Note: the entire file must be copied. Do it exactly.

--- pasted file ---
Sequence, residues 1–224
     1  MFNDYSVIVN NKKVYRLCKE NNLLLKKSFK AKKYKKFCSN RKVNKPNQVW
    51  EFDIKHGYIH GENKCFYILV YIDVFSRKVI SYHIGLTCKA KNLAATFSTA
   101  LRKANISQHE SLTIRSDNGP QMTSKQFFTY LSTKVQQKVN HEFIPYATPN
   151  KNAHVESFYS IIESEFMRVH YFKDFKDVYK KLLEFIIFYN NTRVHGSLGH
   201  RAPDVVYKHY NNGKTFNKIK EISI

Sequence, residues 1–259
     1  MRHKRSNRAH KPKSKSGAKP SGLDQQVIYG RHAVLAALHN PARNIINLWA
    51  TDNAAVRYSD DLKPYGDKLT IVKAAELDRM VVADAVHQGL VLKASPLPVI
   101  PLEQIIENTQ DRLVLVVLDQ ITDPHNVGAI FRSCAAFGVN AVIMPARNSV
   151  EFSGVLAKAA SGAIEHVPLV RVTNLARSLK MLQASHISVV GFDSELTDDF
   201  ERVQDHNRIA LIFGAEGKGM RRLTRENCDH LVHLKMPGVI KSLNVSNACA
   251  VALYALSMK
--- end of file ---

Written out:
Sequence, residues 1–224
     1  MFNDYSVIVN NKKVYRLCKE NNLLLKKSFK AKKYKKFCSN RKVNKPNQVW
    51  EFDIKHGYIH GENKCFYILV YIDVFSRKVI SYHIGLTCKA KNLAATFSTA
   101  LRKANISQHE SLTIRSDNGP QMTSKQFFTY LSTKVQQKVN HEFIPYATPN
   151  KNAHVESFYS IIESEFMRVH YFKDFKDVYK KLLEFIIFYN NTRVHGSLGH
   201  RAPDVVYKHY NNGKTFNKIK EISI

Sequence, residues 1–259
     1  MRHKRSNRAH KPKSKSGAKP SGLDQQVIYG RHAVLAALHN PARNIINLWA
    51  TDNAAVRYSD DLKPYGDKLT IVKAAELDRM VVADAVHQGL VLKASPLPVI
   101  PLEQIIENTQ DRLVLVVLDQ ITDPHNVGAI FRSCAAFGVN AVIMPARNSV
   151  EFSGVLAKAA SGAIEHVPLV RVTNLARSLK MLQASHISVV GFDSELTDDF
   201  ERVQDHNRIA LIFGAEGKGM RRLTRENCDH LVHLKMPGVI KSLNVSNACA
   251  VALYALSMK